Wednesday, August 7, 2013
Industry Legend, Patricia Riley, Guest Blogs for Goldring Travel - Paris and Portugal on AmaWaterways' AmaVida - Part VII (Thoughts About Scenic Cruising and the Return to Porto)
Most river cruises start at point A and cruise to point B. There are exceptions where your river boat back tracks and returns to your embarkation point. Tulip Time cruises, a spring tradition, are roundtrip Amsterdam and the Seine and Normandy cruises which are roundtrip Paris cruises come to mind as two exceptions. While these both come back to their embarkation port they do offer a variety of ports and cruising is often done at night.
A cruise on the Douro differs the above mentioned cruises and from all the other river cruises I have been on. As mentioned in an earlier post there is no cruising at night. All of the nautical miles are covered during the day. Once you leave Porto your docking ports for overnights are very small towns and in the case of Vega de Terron in Spain, where we stay overnight after our Salamance excursion, there is no town, just a docking facility. Salamanca was the only full day tour. The other excursions from the boat were mainly in the morning. These included an excursion from Regua to the small town of Lamego, a pilgrimage site. Another morning offered a tour to the the beautiful Mateus Palace with its renowned gardens. Other mornings were drives to the countryside to a winery or a village such as Castelo Rodrigo. The ship actually stopped in Regua as well as Pinhao twice, offering different tours on each visit. Your afternoons are spent scenic cruising. Returning to Porto you once again get to experience the locks of the Douro River and see some stunning scenery that you may have missed on the upstream journey.
Some places leave a mark on you. It could be because of the scenic beauty. it could be because for the architecture or the history. It could be for all of those reasons as in the case of Porto. I have seen the pictures of Porto, bathed in the orange light of sunset, the spires of its cathedrals reaching into the skies. I didn't think any place could actually look like that. I was mistaken. Porto is just like that. It is simply one of the most beautiful cities I have ever been to.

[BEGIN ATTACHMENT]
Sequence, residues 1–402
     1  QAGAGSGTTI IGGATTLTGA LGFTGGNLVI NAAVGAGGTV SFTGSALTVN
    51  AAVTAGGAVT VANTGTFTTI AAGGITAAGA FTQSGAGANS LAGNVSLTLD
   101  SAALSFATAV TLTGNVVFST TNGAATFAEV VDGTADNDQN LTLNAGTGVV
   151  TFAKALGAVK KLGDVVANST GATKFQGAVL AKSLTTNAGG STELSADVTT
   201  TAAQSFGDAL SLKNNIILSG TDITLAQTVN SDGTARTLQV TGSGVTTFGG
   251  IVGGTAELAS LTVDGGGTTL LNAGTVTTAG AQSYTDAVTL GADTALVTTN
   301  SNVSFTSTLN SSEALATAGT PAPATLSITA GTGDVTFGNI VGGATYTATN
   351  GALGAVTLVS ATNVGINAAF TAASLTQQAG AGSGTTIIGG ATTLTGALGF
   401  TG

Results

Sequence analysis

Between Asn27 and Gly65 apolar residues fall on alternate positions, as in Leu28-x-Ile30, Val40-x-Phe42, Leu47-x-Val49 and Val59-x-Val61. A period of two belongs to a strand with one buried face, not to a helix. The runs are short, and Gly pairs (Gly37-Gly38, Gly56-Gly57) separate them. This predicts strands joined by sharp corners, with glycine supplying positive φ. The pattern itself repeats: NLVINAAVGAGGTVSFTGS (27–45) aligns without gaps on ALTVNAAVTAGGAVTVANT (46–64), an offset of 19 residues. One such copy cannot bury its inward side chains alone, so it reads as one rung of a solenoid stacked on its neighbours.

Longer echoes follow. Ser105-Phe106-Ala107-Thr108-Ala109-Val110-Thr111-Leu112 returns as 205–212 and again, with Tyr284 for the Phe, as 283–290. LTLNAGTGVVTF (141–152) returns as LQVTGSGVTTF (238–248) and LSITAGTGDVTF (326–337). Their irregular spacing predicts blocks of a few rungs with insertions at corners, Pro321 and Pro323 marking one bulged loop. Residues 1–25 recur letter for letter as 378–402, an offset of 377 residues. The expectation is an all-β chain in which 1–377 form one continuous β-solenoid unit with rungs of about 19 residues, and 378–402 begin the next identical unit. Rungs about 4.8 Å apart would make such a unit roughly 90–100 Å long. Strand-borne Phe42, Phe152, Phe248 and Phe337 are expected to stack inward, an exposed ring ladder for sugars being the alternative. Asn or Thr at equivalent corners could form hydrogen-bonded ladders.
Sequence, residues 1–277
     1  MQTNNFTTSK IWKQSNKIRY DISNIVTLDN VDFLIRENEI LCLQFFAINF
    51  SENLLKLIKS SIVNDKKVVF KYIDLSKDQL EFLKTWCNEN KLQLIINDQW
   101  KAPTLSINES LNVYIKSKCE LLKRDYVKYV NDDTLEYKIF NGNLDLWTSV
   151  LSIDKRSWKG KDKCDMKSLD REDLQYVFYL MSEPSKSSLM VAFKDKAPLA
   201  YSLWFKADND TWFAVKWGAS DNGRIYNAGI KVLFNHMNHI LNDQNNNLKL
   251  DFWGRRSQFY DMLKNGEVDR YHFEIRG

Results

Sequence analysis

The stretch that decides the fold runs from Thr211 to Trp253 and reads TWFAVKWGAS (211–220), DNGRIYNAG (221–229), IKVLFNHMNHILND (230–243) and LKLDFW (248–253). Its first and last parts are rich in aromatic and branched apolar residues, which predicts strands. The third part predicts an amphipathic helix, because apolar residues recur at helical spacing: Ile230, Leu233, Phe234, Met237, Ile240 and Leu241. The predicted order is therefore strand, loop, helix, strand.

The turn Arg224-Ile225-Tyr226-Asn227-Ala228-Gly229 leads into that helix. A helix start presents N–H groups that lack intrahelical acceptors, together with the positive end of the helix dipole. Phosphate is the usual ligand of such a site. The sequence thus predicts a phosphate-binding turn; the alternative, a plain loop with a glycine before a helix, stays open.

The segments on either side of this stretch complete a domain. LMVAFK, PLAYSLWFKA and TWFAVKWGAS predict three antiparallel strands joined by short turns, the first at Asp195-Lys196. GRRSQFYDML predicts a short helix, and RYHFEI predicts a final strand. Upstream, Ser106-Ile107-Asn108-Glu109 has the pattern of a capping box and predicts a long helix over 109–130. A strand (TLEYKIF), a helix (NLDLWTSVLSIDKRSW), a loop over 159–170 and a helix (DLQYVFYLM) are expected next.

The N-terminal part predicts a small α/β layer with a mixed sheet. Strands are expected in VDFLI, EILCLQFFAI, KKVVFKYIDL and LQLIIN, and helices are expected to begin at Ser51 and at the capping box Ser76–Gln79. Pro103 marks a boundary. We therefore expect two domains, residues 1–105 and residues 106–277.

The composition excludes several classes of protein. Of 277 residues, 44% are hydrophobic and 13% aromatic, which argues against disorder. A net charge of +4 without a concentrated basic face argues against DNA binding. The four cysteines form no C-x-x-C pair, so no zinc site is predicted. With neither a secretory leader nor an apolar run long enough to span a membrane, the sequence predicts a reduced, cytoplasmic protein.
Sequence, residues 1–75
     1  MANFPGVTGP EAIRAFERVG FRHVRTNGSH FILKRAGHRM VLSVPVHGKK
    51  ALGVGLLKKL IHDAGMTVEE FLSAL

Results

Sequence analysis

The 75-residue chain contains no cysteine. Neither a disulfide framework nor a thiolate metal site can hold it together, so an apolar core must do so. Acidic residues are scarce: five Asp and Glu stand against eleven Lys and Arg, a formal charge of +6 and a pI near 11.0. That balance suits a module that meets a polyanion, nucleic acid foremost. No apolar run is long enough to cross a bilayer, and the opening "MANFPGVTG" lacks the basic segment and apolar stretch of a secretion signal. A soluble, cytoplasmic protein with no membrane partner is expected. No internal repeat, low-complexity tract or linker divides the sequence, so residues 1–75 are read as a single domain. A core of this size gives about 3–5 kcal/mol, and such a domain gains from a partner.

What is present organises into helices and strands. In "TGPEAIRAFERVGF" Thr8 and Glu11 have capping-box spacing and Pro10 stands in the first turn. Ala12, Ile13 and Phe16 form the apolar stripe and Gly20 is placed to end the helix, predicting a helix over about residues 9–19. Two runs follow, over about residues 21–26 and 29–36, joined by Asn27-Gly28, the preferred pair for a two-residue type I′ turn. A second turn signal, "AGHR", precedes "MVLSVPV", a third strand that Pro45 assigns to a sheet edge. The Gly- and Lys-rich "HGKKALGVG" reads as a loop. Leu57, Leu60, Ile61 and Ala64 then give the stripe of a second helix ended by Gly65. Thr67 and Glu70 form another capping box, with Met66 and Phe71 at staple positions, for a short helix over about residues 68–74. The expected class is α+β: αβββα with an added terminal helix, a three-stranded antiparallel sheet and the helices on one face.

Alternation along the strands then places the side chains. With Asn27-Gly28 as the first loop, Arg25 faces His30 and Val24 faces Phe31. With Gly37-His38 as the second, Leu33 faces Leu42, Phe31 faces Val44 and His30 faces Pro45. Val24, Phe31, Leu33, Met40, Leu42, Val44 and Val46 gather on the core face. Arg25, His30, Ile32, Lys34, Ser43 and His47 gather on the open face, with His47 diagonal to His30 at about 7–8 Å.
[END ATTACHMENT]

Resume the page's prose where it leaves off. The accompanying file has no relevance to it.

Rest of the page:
The ship overnights in Porto on embarkation day and also on the last full day and night before disembarkation. Take my advice and use all the time you have to explore, You will not be disappointed.
I am not sure what first drew my attention in this city of a bit more than 160,000 residents. Was it the steep streets, the small alleys, the exquisite wrought iron balconies gracing the fronts of the pastel buildings or the beautiful tile facades so typical in Portugal. I think it was a combination of all of that. Everywhere you walk you don't know if you should look down, look up or just look around.
Porto is set at the mouth of the Douro River where it meets the Atlantic Ocean which beckoned sailors for centuries. The river in Porto is spanned by 6 bridges. The most famous and stunning is the Louis the 1st bridge. Trains traverse the uppermost span and pedestrians and cars cross the lowest. Between those spans is a maze of iron work that is nothing short of spectacular.
The historic center of Porto is an Unesco World Heritage site and features a lovely cathedral, squares and monuments (most notably to Prince Henry the Navigator) and the famous Sao Bento Railway Station. In keeping with the Portuguese tradition wall tiles decorate the interiors of the station with scenes from Portuguese historical events.
A fine example of an art nouveau interior is found in the oddest place in Porto, a McDonald's. Just around the corner from the train station the home of the Big Mac also is without a doubt the most beautiful McDonalds in the world. The entrance, featuring a relief of an eagle above the famous McDonald's name makes you want to walk in and see what else is inside.
The inside is a delight of chandeliers, stained glass and brass.
If there were a contest for the most beautiful fast food place in the world, this place would definitely win.
As all good things come to an end, my seven nights aboard the AmaVida ended with a 5:00am wake up call. As with everything I experienced during my week aboard the disembarkation was smooth, organized and quick. The incredible crew, who always seem to be bright eyed and bushy tailed, no matter the hour, were on hand to say their good byes. Even though it was a simple transfer to the airport for 9 of us we were accompanied by one of the tour escorts for the journey to the airport. Service oriented to the last!
If you are interested in a relaxing scenic cruise that reflects the food, drink and customs of the area this is the cruise for you. River cruises are all about immersion. You become immersed with the people, places and culture of the area that you are cruising in. The AmaVida provided this as well as the high standard of accommodation, food and service that AmaWaterways is famous for.